While none of us were paying attention, Scratch has transformed from a programming language for kids to a massive online community of self-guided, student-programmers. Usage has doubled since the pandemic started and the language is now overtaking “real” programming languages (like Typescript and Rust) in language popularity rankings.
Scratch is a big deal.
If you’ve heard of Scratch, you likely know that it’s a programming language for kids that uses visual blocks like these:
Like many pandemic parents, I recently introduced it to my kids. Over time, it started to catch hold and I realized that there was more beneath the surface. I decided to take a closer look and this is what I found.
More than a programming language
Scratch is an online programming environment, hosted at scratch.mit.edu. It uses a visual editor that looks like this:
The language and editor are tailored towards making games, animations, stories, and other visual things. Scratch users (Scratchers) can create and save projects to their account and share their projects publicly.
Sharing projects is where things get interesting. Scratch isn’t just a language—it’s a community.
The Scratch website makes it easy to browse other people’s projects, “love” and “favorite” them, add comments, view source, and remix them as your own. You can follow other users and work together to curate collections of projects called “studios” (which can also be followed and commented on).
In this way, it’s kind of like Github or Codepen, except that Scratch is for kids. The age distribution of new Scratchers peaks at 12, with the majority under 16:
It was the community aspects that really drew in my kids. They would get really excited whenever somebody followed them or “loved” one of their projects. It gave them the motivation to build more ambitious things.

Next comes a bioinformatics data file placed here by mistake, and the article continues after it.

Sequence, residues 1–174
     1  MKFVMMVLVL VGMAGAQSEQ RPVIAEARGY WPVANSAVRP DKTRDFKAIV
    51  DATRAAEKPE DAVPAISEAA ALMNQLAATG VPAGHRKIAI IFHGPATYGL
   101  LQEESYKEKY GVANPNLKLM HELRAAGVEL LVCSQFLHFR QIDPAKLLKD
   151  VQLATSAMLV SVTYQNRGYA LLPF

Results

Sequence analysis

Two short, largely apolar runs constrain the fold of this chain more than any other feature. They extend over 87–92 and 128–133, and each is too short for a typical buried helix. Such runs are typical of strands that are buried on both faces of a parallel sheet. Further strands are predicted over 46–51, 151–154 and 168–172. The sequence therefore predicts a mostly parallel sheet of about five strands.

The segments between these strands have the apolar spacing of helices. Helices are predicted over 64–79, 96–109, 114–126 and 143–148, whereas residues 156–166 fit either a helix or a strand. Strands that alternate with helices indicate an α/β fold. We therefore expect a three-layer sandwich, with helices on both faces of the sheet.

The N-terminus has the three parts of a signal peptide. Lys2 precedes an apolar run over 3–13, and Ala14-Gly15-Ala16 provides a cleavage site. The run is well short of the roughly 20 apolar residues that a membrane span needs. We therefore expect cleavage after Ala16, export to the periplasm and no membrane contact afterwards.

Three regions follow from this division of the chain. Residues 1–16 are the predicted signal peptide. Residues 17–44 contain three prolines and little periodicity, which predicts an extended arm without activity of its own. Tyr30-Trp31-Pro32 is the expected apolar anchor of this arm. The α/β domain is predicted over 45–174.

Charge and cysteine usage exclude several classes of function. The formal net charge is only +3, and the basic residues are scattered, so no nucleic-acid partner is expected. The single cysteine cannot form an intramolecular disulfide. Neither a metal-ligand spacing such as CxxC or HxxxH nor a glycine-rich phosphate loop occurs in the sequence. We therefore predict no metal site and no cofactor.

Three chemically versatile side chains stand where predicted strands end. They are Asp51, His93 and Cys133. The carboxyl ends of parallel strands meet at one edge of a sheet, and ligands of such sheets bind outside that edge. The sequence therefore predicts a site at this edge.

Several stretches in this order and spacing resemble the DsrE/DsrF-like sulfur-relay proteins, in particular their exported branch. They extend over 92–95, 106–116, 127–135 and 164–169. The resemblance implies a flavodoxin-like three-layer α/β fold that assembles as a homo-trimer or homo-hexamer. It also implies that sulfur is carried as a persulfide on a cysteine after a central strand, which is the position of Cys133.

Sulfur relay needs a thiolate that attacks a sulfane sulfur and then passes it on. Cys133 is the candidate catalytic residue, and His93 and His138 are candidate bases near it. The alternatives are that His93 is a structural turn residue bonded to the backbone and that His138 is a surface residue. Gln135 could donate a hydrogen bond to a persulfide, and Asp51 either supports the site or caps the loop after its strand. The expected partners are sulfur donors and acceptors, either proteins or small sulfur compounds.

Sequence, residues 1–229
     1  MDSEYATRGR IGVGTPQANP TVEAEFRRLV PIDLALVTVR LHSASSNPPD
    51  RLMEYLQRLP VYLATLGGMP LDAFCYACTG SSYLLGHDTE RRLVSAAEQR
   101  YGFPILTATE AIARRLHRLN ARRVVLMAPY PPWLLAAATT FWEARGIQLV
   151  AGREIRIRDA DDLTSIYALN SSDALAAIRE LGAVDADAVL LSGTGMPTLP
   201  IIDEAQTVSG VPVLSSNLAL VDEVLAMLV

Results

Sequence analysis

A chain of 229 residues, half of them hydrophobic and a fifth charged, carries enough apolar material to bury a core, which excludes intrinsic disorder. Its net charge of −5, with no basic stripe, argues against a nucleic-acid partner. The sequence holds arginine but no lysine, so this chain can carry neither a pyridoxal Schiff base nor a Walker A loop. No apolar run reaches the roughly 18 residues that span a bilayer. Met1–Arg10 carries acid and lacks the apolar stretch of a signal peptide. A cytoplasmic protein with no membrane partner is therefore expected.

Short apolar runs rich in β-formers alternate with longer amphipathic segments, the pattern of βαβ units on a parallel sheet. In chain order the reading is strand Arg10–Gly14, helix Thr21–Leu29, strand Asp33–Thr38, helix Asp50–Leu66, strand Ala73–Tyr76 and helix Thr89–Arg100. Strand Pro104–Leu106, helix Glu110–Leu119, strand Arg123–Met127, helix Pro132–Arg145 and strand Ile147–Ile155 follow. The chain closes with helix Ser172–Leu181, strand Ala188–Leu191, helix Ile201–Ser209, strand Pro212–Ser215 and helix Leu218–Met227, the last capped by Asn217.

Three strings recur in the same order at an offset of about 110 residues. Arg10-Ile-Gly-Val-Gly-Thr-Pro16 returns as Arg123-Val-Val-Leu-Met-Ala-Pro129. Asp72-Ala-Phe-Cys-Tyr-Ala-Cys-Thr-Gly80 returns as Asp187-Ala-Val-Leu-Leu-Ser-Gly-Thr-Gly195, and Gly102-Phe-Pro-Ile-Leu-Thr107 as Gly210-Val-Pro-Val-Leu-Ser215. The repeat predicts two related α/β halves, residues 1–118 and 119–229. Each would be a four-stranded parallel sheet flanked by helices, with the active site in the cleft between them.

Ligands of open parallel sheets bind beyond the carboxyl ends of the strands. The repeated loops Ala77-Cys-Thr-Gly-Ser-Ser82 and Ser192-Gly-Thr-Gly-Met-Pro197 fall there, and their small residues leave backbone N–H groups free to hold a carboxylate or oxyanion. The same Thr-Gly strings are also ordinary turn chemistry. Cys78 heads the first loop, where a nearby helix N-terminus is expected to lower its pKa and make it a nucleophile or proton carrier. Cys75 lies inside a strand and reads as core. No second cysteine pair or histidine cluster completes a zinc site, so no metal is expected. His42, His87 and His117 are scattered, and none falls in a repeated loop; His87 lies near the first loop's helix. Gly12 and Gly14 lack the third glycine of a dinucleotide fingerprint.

It’s pretty impressive how ambitious the projects get. Scratchers often build copycats of “real” games like Cut the Rope, Super Mario Bros, and Terraria. Features like cloud variables allow them to make online multiplayer games, like Taco Burp (popular in my house):
Someone even built Scratch inside of Scratch 😱
Seeing projects like these was a “wow” moment for me. Scratchers were building projects that rivaled the best things I had seen on Codepen. All in a visual programming language for kids!
Beyond the editor, there are a bunch of other resources that help kids be productive:
- The Scratch website provides tutorials, a wiki, and discussion forums that kids often use to ask questions and help each other when they get stuck.
- The REST APIs enable third-party tooling like Turbowarp—a parallel site that can run Scratch projects 20x faster.
- The Scratch desktop application lets you develop Scratch projects offline.
- The ScratchJr tablet app provides a simplified version of the Scratch editor for young children (ages 5-7).
So, no, Scratch isn’t just a programming language. It’s an ecosystem of apps, resources, and community features for giving kids a positive first experience with programming. And it’s downright impressive.
Scratch at scale
Like many online activities, Scratch usage grew during the pandemic, but unlike others, it’s not slowing down:
This recent growth has caused Scratch to break into the Tiobe index's top 20 most popular programming languages. At the time of this post (July 2022) it ranks 21st, above Typescript, Rust, Julia, and other important languages. The Tiobe index is imperfect but there's clearly something happening here.
With this new popularity, Scratchers like Griffpatch, Will_Wam, and others have become mini-celebrities, collecting hundreds of thousands of followers on scratch.mit.edu and other platforms (Griffpatch has 175k+ subscribers on his Youtube channel where he posts Scratch tutorials on gamedev topics like background-scrolling and raycasting).
Why (I think) it works
Scratch has a lot of good things going for it.
It’s free (thanks to the Scratch Foundation) and the tutorials provide a gentle on-ramp, making it easy to adopt in school and at home.
The platform has strong community guidelines and it’s well moderated (at least my family hasn’t run into any sketchy content yet).
Most importantly, browsing projects shows you what’s possible. A kid begins by playing games, starts to get curious, and next thing you know, they’re changing the code to give themselves extra lives.
This didn’t come out of nowhere. It’s the realization of over 50 years of effort from programmers and educators, standing on the shoulders of giants like Logo and LEGO Mindstorms. Look up constructionism if you’re curious!
If you care about programming education and you’re looking for a good cause to donate to, I think you’d be hard-pressed to find something better.
And if you know someone young who’s interested in programming, tell them about Scratch. Let them play user-created games for awhile. The source code is just a single click away.